A deepening feud between Japan and South Korea has threatened to undercut next year’s Olympic Games in Tokyo, as the two sides sparred over whether spectators could wave Rising Sun flags associated with Japan’s militarist past.

New Olympics minister Seiko Hashimoto — one of the country’s best-known Olympians — on Thursday rejected South Korea’s call to ban the flag as political propaganda. “On the issue of whether the Rising Sun flag conveys a political message, I don’t see it that way at all,” she said.

South Korean Culture Minister Park Yang-woo wrote to the International Olympic Committee this week, comparing the flag to the Nazi swastika and pressing for it to be kept out of Olympic venues. The rising sun with rays — distinct from the modern Japanese flag — was used by the Imperial Japanese Army during its invasion and occupation of swaths of Asia.

The rising sun motif is still used by the postwar Maritime Self-Defense Force, and Japan pulled out of a naval review around the South Korean island of Jeju last year after Seoul said the current MSDF variation should not be flown. The imperial-era flag is also favored by right-wing groups in Japan.

The flag tussle is the latest outbreak in a deepening feud between two of Asia’s largest economies, which has already seen South Korea raise questions about food safety at Olympic venues. Their disagreements largely stem from differences in perception as to whether Japan has shown sufficient contrition for its 1910-45 colonization of the Korean Peninsula.

Souring ties have prompted Japan to tighten control over exports to South Korea of specialty materials vital to its massive tech industry. South Korea has challenged the move with the World Trade Organization, while vowing to retaliate with similar measures.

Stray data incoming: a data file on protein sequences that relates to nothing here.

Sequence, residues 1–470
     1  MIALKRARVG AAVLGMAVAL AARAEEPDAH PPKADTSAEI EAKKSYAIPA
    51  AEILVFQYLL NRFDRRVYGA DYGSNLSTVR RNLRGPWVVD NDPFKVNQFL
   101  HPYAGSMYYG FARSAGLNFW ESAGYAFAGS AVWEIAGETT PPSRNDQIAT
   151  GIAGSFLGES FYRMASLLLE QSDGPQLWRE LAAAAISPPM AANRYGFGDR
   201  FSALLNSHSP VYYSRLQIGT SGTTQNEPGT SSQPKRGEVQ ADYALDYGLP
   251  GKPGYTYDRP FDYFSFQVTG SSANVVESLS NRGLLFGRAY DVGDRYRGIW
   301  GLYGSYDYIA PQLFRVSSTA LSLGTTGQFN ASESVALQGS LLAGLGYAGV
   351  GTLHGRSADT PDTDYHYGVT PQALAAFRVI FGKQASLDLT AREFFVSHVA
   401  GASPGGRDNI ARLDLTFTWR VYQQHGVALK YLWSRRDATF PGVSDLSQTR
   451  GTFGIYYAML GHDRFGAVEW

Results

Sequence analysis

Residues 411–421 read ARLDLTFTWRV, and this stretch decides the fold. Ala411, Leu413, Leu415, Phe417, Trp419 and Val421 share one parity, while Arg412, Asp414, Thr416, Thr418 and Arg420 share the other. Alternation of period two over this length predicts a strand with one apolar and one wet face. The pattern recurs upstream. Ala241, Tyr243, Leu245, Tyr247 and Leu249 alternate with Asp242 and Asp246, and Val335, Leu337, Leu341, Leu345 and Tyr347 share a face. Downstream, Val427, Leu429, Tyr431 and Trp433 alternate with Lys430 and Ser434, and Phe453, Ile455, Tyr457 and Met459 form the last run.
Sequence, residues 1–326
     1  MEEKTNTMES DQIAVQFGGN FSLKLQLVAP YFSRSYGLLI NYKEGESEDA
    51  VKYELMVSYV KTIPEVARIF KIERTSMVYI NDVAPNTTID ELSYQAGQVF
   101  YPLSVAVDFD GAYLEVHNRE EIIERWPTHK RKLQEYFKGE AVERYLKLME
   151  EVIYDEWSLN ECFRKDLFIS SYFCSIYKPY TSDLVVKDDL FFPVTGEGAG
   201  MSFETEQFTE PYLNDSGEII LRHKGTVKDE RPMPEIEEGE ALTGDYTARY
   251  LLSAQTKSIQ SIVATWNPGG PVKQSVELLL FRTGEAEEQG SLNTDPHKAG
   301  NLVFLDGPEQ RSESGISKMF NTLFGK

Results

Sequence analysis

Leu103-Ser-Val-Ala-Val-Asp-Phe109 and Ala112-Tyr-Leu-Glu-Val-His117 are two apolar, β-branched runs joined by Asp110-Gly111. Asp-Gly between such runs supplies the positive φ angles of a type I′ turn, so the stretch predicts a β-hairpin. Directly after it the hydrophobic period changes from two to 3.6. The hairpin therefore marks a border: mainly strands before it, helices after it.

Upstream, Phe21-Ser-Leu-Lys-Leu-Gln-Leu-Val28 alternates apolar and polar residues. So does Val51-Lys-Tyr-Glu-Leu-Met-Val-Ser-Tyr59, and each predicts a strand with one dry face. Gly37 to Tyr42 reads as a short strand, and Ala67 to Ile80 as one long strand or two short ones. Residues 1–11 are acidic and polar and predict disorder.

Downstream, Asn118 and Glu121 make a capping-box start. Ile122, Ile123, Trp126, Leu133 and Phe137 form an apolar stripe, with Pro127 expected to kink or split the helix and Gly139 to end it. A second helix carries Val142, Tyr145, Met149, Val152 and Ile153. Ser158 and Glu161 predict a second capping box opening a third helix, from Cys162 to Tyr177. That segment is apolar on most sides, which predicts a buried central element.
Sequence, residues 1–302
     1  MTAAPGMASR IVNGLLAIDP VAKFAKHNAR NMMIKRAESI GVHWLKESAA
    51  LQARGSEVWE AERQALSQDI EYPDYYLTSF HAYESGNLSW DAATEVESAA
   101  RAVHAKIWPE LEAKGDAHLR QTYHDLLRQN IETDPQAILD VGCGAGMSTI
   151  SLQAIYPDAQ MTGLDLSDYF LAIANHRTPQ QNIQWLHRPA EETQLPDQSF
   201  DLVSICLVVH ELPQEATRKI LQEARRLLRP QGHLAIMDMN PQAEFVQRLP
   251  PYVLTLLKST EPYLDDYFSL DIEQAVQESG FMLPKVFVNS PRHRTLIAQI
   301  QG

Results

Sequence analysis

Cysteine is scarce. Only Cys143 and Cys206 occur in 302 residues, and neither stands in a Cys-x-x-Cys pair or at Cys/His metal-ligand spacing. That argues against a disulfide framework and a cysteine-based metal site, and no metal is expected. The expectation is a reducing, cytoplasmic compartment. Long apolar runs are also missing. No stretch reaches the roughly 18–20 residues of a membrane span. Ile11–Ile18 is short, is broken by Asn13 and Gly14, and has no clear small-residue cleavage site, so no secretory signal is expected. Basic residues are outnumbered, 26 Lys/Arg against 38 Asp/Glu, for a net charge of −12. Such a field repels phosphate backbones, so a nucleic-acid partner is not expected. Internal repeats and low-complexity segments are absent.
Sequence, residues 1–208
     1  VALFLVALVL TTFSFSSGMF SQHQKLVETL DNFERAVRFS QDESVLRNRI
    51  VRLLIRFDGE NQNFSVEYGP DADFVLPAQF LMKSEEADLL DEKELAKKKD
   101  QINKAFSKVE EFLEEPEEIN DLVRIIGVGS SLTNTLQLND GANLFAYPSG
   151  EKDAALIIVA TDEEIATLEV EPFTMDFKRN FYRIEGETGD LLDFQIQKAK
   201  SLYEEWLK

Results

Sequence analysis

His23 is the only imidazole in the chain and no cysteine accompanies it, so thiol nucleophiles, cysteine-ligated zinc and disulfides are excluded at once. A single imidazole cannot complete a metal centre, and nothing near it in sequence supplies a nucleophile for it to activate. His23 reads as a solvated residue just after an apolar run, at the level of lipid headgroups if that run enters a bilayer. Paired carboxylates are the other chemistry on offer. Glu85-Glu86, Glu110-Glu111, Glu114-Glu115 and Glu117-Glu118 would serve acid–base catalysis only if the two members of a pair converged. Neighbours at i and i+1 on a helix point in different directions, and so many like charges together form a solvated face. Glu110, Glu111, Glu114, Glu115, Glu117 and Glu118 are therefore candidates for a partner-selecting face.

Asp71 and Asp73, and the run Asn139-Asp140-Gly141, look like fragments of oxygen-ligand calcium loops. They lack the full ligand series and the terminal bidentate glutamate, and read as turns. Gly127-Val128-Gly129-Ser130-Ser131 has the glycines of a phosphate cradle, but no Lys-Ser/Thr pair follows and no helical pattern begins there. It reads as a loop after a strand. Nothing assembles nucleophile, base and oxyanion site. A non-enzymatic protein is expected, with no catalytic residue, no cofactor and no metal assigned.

South Korea has also announced it will drop a military intelligence-sharing agreement with Japan, a move that disappointed U.S. officials.

The flag spat shows how the dispute could soon spill into the 2020 Olympics, which Japan has billed as the “recovery games” to showcase its rebound from the 2011 mega-quake, tsunami and nuclear disaster.

“Sure, the South Koreans are playing politics as we would expect,” said Jules Boykoff, a professor of politics at Pacific University in Oregon and author of a book on the political history of the Olympics. “But the recovery games are not all they are cracked up to be. Those claims deserve a little bit of healthy skepticism.”

Prime Minister Shinzo Abe has set a target of welcoming 40 million tourists during the Olympic year. South Koreans have generally made up the second-largest group of visitors to Japan after Chinese, but visitors from South Korea declined 7.6 percent year on year in July.

South Korean officials have summoned a Japanese diplomat to express concern about a planned release of treated radioactive water into the ocean by Tokyo Electric Power Company Holdings Inc., which runs the plant that caused the nuclear disaster. The officials are also pushing for independent radiation checks at Olympic venues and proposing a separate cafeteria for their athletes, citing concerns about contaminated food.

Earlier last month, some South Korean politicians even raised the idea of an Olympic boycott, the Hankyoreh newspaper reported at the time, something no national team has done since a North Korean-led group of countries skipped the Seoul Olympics in 1988. Such a move may not go down well with South Koreans — athletes in many countries are still bitter over the 1980 U.S.-led boycott of the Moscow Games — and would hurt the country’s prospects of hosting the event in the future, Boykoff said.

“South Korea has made noise about a joint bid for 2032 with North Korea,” he said. “That would be the death knell for any future bid with the IOC.”

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